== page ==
Sara tilted her head and looked at him intently. "Did you try to talk to her, at least. Maybe she has more to talk about than that if she knew how interested you were in her," Sara said quietly.

Harry hung his head. "No...I guess I was kind of a jerk. And Ron was just as bad. We were kind of surprised how pretty our best friend looked when she showed up."

Sara gave him a puzzled look and then smiled in recognition. "So it's this other girl who's the bookworm that you and your mate are crushing on. But she already has a boyfriend. Is that it?"

Harry gave a resigned shrug. "I don't know. She came to the ball with this guy. He's a transfer student from Bulgaria. He's this big sports star, but he's a little thick. And kind of ugly. But he was a seventh year, and we were only fourth years. And he's famous. So girls seem to like him, I guess."

"What's this girl's name?"

"Hermione," Harry said reverently.

"So you like this Hermione, but so does Ron. And so does this Bulgarian guy. This is getting interesting." she said with an intent stare.

Harry squirmed uncomfortably. "Look, I've got some more work to do and I better get started..." he said as he made to get up.

But Sara grabbed his arm. "Oh, don't go running off yet. I'm bored to tears here alone and you ended up a lot more interesting to talk to than the typical pimply faced boy who usually comes to do yard work around here. Have another glass and relax. Maybe we can figure out a way for you to win the heart of your lady love."

Harry sat back down, still uncomfortable, but now intrigued. He realized that he didn't know much about girls and the way they thought or acted. Hermione was the only girl he really knew well, and he desperately wanted her to like him. But he didn't know how to talk to her about something like that. Maybe Sara could help. She was a lot older and more experienced, he figured. Maybe she would know how to reach Hermione.

"So what does this Hermione look like?"

Harry got a faraway look in his eyes. "Well...she's got a real pretty face. And she's got this long wavy hair. Oh, it's like a light brown. And it tends to get all bushy unless she tries to do something with it...like at the Yule Ball. And she's got these light brown eyes. Lately, when she looks at me..." He unconsciously sighed.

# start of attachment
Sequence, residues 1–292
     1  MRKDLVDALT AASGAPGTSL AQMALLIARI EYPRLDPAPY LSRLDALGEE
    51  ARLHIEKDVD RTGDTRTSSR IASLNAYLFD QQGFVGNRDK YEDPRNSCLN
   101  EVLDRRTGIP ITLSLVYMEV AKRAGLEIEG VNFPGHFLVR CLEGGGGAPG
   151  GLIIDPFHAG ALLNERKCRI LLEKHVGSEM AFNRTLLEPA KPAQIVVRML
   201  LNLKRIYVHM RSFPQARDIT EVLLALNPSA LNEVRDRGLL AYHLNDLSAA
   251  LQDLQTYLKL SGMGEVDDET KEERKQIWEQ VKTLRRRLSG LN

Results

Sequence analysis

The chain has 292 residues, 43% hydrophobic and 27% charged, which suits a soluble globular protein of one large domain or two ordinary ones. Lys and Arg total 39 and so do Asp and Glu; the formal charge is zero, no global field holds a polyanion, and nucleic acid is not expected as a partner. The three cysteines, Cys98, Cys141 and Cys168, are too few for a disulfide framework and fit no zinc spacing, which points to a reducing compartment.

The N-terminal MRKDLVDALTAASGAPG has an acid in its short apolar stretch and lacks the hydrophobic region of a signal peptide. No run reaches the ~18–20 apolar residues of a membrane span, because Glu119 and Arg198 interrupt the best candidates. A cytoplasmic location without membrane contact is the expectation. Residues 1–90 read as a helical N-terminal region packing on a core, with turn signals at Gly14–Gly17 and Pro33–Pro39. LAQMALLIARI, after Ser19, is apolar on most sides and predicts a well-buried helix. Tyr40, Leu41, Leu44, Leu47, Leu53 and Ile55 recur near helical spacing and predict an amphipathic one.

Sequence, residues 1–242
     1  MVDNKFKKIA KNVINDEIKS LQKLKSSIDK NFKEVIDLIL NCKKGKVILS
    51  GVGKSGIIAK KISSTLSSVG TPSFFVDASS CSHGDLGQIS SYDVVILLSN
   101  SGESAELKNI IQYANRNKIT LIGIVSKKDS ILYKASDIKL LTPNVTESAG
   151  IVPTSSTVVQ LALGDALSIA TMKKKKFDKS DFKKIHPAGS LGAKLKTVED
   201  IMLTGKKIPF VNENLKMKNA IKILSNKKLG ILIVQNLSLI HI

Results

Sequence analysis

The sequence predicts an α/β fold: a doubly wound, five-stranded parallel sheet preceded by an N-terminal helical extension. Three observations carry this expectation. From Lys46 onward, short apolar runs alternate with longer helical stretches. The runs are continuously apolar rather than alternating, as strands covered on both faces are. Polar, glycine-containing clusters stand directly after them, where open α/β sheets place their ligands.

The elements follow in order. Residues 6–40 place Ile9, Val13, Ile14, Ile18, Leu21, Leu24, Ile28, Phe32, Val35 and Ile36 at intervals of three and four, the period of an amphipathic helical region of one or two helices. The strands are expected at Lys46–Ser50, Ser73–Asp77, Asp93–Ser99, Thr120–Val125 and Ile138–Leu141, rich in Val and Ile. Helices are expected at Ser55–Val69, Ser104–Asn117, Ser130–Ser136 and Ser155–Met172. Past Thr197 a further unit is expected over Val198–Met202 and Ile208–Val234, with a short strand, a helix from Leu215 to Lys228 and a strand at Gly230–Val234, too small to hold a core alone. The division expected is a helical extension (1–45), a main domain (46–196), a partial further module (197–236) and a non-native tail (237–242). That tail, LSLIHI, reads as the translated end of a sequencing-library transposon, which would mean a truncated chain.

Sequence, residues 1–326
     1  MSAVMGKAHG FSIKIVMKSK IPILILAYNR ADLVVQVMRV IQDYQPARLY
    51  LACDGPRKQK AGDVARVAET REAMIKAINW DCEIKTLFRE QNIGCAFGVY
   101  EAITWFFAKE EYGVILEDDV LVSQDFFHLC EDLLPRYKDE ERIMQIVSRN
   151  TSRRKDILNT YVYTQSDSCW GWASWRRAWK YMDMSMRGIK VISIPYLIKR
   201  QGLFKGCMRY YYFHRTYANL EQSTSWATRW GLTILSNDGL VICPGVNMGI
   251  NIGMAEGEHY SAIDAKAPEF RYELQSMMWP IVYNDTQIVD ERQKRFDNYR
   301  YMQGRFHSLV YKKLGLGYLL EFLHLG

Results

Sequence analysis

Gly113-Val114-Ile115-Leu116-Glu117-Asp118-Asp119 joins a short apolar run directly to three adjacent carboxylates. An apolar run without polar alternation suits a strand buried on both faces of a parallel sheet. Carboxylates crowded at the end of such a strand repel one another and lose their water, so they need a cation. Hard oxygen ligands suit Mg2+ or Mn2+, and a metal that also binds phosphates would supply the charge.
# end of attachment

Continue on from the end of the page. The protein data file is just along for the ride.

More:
Sara smiled. "I know, Harry. I understand. So what is she like?"

Harry smiled. "Well, she's the smartest wit...smartest student in the school. She's always dragging Ron and me up to the library to study or research something or other. Ron complains that she's too bossy, but she's just trying to help us with our studies. And she's very brave and loyal. We've gotten into...well, we've gotten into some scrapes together and she's always there to help us get by. She's always by our side, no matter what."

Sara nodded. "And what about your friend Ron? And her Bulgarian boyfriend?"

"Viktor isn't her boyfriend," he said, starting to get upset. "I mean...he did invite her to his castle in Bulgaria this summer. But I don't know if she wants to go. I mean, he's not her type at all. He can't even pronounce her name. He calls her Herm-o-ninny or something like that," he said with his head down.

"And Ron?"

Harry shifted again, sorting out his feelings. "Look, Ron is my best friend. But I think he really likes her, too," he said dejectedly. "If she likes him, that would be okay, I guess. I mean, I would be sad and a little jealous. But I wouldn't want to lose him as my best friend. He was mad at me when I was named a champion at...well, we had this tournament among three schools-that's why Viktor was at school this past year-and I was one of the representatives for my school. And Ron got mad because only seventh years were supposed to participate, but I got chosen and he was...I guess he was jealous or something." Harry took a deep breath.

"So, what happened with Ron?" she asked softly.

Harry shrugged. "Well, he said I cheated to get into the tournament...that I get everything...but I didn't. I really didn't," Harry said, his face a mask of sorrow.

Sara was startled. She thought she would kill a boring morning having a friendly talk with this nice young boy. But she realized he was baring his soul. Maybe he didn't have anyone else to talk to. Her demeanor suddenly changed and took on a more serious, understanding tone. "Harry, sometimes people get a little jealous. But that doesn't mean they can't still be good friends. You just said that if Ron won Hermione's heart, you would be a little jealous. But does that mean you would stop being Ron's friend?"

Harry shook his head sadly. "No."

"So he's still your best friend? Despite your disagreement?"

Harry nodded.

"So try not to worry about it. He might feel the same way about you if you won Hermione's heart. He'd be put out, but if he's a true friend, he'll get over it. You're young. And heartaches fade over time."

Harry frowned. "But don't you see. He thinks I get everything. If I got Hermione, he'd really be upset."

Sara looked at him intently. "So you'd rather walk away from the woman you love than take a chance on this Ron's friendship. Do you really think your friendship is that shallow that you can't trust him to like you if you're happy?"